2023 QSEHRA contribution limits

Written by: Gabrielle Smith
Originally published on October 24, 2022. Last updated October 25, 2022.

The qualified small employer health reimbursement arrangement (QSEHRA), also called the small business HRA, comes with annual contribution limits. In practical terms, that means small businesses are limited in how much tax-free money they can offer their employees through the benefit.

Every year, the IRS outlines these annual contribution limits through a revenue procedure.

In 2023, small businesses may offer up to $5,850 per self-only employee and up to $11,800 per employee with a family.

In this post, we'll go over:

Wondering how much a QSEHRA would cost your business? Get an instant estimate with our benefit designer tool

What are the QSEHRA contribution limits for 2023?

The IRS released the 2023 QSEHRA guidelines through Revenue Procedure IR-2022-38 on October 18, 2022.

For tax years beginning in 2023, small businesses can offer up to $5,850 for self-only employees ($487.50 per month) and $11,800 for employees with a family ($983.33 per month).

These contribution limits reflect a $400 annual increase (7%) for self-only employees and a $750 annual increase (6.6%) for employees with a family over 2022 limits. That's about $33.33 more per month for self-only employees and $62.50 for employees with a family.




Self-only (annual)



Self-only (monthly)



Family (annual) $11,050 $11,800
Family (monthly) $920.83 $983.33

For employees who become eligible for the QSEHRA midyear, the limits must be prorated to reflect the total amount of time the employee is eligible. For example, a self-only employee who is eligible for the QSEHRA for eight months in 2023 could receive up to $3,900 through the benefit that year.

How has tax reform affected how QSEHRA limits are calculated?

The IRS relies on cost of living adjustments to calculate QSEHRA limits every year. Certain changes implemented through the 2017 tax reform laws also affect this process.

Tax reform incorporated the chained CPI—an alternative way to measure inflation in the Consumer Price Index (CPI). With the chained CPI, adjustments incorporate the economic phenomenon known as substation bias, whereby consumers react to rising prices in one good (like beef) by substituting similar goods (like chicken).

The end result is smaller upward adjustments in inflation. For the QSEHRA, this means 2023 contribution limits are lower than they would have been with the old calculation method. This will continue to affect QSEHRA limits, as the chained CPI will result in slower incremental increases through the years.

What if I want to offer more than the annual QSEHRA contribution limit?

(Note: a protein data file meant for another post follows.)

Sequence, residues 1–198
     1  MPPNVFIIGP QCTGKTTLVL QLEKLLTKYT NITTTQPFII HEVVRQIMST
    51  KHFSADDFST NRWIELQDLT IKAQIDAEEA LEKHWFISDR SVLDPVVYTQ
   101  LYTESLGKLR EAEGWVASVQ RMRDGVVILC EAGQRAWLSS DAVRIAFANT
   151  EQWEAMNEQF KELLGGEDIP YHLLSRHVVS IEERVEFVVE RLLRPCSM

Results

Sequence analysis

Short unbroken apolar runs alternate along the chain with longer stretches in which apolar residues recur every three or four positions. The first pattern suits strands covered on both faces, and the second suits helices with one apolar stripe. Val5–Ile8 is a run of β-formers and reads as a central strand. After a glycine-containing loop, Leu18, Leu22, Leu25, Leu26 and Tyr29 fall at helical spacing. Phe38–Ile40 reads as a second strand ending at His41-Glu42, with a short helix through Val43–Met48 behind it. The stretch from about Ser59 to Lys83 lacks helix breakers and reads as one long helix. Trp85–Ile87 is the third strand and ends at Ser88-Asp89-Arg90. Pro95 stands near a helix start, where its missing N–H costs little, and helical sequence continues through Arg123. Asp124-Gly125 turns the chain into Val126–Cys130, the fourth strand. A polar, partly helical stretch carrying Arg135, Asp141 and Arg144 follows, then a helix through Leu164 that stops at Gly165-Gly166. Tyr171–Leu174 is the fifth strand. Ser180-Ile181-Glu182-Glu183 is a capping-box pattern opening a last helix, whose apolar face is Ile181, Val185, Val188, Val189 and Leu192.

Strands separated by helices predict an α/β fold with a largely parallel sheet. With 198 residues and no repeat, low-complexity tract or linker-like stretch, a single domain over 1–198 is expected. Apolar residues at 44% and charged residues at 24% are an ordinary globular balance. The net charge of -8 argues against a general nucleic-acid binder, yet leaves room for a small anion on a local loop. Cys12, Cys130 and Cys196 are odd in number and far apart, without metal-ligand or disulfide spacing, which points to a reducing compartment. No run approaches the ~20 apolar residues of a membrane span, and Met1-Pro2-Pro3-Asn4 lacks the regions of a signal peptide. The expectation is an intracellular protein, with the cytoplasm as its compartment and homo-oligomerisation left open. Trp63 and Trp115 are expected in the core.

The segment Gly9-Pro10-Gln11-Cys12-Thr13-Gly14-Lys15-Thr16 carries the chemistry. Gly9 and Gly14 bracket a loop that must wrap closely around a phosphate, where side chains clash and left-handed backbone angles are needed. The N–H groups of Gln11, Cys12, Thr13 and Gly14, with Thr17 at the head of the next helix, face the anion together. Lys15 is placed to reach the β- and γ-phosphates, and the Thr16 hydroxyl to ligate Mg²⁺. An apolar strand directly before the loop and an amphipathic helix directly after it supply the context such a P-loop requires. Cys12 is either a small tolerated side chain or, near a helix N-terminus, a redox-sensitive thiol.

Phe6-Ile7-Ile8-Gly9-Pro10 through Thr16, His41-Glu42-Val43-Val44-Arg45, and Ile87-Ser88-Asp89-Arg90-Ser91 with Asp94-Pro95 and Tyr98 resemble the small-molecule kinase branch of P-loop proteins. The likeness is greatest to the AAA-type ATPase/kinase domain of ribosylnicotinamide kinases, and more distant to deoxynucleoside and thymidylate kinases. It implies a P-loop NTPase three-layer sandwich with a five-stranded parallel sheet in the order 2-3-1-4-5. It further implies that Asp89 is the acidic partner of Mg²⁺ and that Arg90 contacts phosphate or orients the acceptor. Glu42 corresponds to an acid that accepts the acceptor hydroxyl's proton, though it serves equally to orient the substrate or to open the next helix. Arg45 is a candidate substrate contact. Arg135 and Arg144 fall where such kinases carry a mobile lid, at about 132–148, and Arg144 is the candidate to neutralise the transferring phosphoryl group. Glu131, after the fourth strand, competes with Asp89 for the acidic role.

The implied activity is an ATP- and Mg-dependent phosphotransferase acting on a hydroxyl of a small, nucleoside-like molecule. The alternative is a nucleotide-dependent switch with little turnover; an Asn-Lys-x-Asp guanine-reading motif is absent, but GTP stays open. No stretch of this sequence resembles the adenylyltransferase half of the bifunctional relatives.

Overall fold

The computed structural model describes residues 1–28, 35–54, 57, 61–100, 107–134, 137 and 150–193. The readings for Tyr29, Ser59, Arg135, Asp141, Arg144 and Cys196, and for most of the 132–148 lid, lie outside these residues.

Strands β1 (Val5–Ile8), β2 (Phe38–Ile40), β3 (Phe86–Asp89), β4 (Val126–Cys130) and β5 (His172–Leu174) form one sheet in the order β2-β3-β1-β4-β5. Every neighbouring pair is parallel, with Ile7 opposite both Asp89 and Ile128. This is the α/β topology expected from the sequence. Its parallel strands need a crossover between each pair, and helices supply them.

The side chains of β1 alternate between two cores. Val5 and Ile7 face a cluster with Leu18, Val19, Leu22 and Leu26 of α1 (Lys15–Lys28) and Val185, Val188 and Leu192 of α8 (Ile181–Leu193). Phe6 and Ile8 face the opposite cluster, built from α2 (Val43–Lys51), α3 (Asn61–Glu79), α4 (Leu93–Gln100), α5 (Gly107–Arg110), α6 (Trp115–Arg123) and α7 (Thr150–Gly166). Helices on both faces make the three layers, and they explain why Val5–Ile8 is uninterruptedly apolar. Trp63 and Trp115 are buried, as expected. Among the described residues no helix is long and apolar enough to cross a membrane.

Depending on where you and your employees live, the QSEHRA allowance caps may be enough to purchase a comprehensive form of minimum essential coverage (MEC).

If this is the case, your organization may benefit from another type of HRA—the individual coverage HRA—that has no maximum contribution limits.

Download our chart to see how the ICHRA and QSEHRA compare

What else can I use to set a QSEHRA budget?

The QSEHRA contribution limits are the only restriction small businesses face when creating their QSEHRA budget. There are no minimum contribution requirements, and small businesses can change their monthly allowance amount at any point during the year.

To help you set your benefits budget for 2023, you can use several points of data, including average QSEHRA contributions. According to PeopleKeep customer data, small businesses offered an average of $307 per self-only employee and $449 per employee with a family in 2021.

You can also use our resource "Seven strategies to set a QSEHRA budget." In this post, we walk you through different strategies to help you choose allowance amounts that benefit both your company and your employees.

How can employees spend their QSEHRA allowance? 

Depending on which QSEHRA plan you choose to set up, employees can spend their QSEHRA allowance on their individual health insurance premiums and well as over 200 out-of-pocket expenses.

A few popular expenses include: 

  • Doctor's visits 
  • Eyeglasses
  • Prescription and drugs
  • Mental health counseling


Keeping a close eye on the adjusting QSEHRA allowance caps is important to ensure you're offering a compliant QSEHRA and helping your employees use their benefit to the fullest.

Interested in setting up a QSEHRA for your small business? Schedule a call with a personalized benefits advisor today to see how PeopleKeep can help!

Originally published on October 24, 2022. Last updated October 25, 2022.


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